THEATRE JACKSONVILLE REVIEW
A DUAL CRITICS REVIEW BY DICK KEREKES & LEISLA SANSOM [email protected]
This week Theatre Jacksonville opened its annual Summer Classic in San Marco on September 16, 2016 with “Pride & Prejudice.” The production will be on stage through October 2, 2016. Visit theatrejax.com or call (904) 396-4425 for additional information and reservations.
You can take a late summer vacation at Theatre Jacksonville and briefly and delightfully enter the world of Jane Austin and experience the challenges and triumphs the characters she created faced during everyday life in England during the Regency period. Austin’s famous and beloved novel, which was first published in 1813, has been masterfully adapted for the stage by John Jory. His version debuted in 2005 and has been one of the most popular of the many preceding adaptations.
“It is a truth universally acknowledged, that a single man in possession of a good fortune must be in want of a wife.”
Mr. Jory was the Artistic Director of Actors Theatre of Louisville from 1969 through 2000, where he created the acclaimed Humana Festival of New American Plays. He took an unusual approach to the adaptation of Austin’s lengthy best-seller: almost all of the dialogue in the script – ninety percent or more – is taken directly from the novel. And he keeps it fast-paced.
TJ’s Executive Director Sarah Boone could not have made a better choice as the director than Amy Canning, who has an MFA in acting and has been acting, directing, and teaching theatrical skills for over twenty years. We remember her performances portraying engaging women in “the Importance of Being Earnest,” “Ghosts of Girlfriends Past,” ”Clybourne Park,” and “Happily Red 2009 – Hello Dolly.”
Jory’s play has twenty-nine characters and a plot that intertwines marriage, social class, family, wealth, and love. The story is a romance lightened with comedy and is both entertaining and educational, as it helps us understand how modern marriages differ from those of past eras.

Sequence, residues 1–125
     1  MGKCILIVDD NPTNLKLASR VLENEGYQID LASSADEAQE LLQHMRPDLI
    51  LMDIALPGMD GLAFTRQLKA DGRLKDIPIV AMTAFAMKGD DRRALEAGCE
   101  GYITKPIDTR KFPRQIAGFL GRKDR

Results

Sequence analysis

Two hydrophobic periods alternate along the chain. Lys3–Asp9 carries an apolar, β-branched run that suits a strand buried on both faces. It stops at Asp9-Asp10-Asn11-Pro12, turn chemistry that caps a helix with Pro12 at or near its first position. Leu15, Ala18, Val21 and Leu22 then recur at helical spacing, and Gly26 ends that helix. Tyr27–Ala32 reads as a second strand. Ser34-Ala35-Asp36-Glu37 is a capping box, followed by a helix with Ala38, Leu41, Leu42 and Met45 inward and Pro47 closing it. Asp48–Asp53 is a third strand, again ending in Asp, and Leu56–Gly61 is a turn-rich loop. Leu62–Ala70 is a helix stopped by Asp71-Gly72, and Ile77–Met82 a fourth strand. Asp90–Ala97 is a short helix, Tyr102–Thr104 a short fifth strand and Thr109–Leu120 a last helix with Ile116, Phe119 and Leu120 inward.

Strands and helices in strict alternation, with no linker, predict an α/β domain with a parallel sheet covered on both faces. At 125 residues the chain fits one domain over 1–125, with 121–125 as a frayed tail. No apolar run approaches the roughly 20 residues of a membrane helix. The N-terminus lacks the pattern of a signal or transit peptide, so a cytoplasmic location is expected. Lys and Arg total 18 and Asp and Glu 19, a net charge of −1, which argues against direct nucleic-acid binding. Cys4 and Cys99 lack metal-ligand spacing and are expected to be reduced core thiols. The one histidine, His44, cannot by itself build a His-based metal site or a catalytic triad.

The action takes place in Hertfordshire, England and revolves around the Bennet family; Mr. Bennet (Richard DeSpain) and his wife (Vanessa Warner) have five daughters ranging in age from twenty-two to fifteen. While the Bennets are members of the landed gentry, they are by no means wealthy. Their daughters need to marry well, as they cannot inherit property and careers for women do not exist. The daughters, in birth order, include Jane (Lacey Harper), who is the eldest, Elizabeth (Emily Auwaerter), Mary (Melanie Rodriquez), Kitty (Taylor Kearschner), and Lydia (Kristen Walsh).
Austin’s novel begins with one of the most famous first lines in fiction: “It is a truth universally acknowledged, that a single man in possession of a good fortune must be in want of a wife.” Four single men attract the attention of these ladies (although not all are wealthy). There is the impressionable and honest Mr. Bingley (Matt Thompkins), the flattering but elusive Mr. Wickham (Jonathan Yates), the reserved, reflective, and somewhat aloof Mr. Darcy (Jay Bilderback), and the awkward Mr. Collins (Thorburn).
Three women play a part in the quest of the Bennet sisters for a satisfactory marriage: Mrs. Gardiner (Kimberly M. Patrie), Lady Catherine De Bourgh (Sandra Spurney), and Miss Bringley (Blythe Reed). Others in featured roles are Sir William Lucas (Mike Wills), Mrs. Lucas (Kirsten Yates), Charlotte Lucas (Tracy Olin who stepped into this role two days before the opening due to the illness of the original actress), Colonel Fitzwilliam (Britton Crumley) Housekeeper (Maggie Winstead O’Connor), Georgiana Darcy (Deanna McNeely, Sara Mills). Ensemble members playing various smaller roles included Tamara Arapovic, Kayla Fender, Sarah Mills, Rich Pintello, Lakeiya Scott, Mike Wills and Kirsten Yates.
But, as is our policy, we’re not providing any spoilers here; you will have to see the play to find out who succeeds in finding an acceptable marriage partner and a secure future.
Tracy Olin and Curtis J. Williams created all the fantastic period costumes. The set and lighting design is by the theatre’s new Technical Director, Tim Watson. The set was expansive and minimalistic, which supported the many fast changes of scenes required by the script.
Others members of the technical production team were Ashley Jones (Stage Manager); Daaryl Wilson, and Phaaryl Wilson (Assistant Stage Managers); Roxanna Williams (Choreographer); Mark Slater (Assistant Technical Director), Amy Canning (Sound Design); Maggie Winstead O’Connor (Properties); Lacey Harper (Dance Captain), AudieGibson(Light Board Operator), Mark Rubens (Sound Board Operator); Judy Gookin, Shirley Sacks Kirby, and Nick Kirby (Costume Crew).
You will receive a program and study guide. The biographies of the actors are excellent and the study guide has interesting facts about the author, the history of the play, and the role of women in prior times. The era and Austin’s characters were brought to life by this exceptional cast. So do plan to see this exciting production; Austin would have loved it.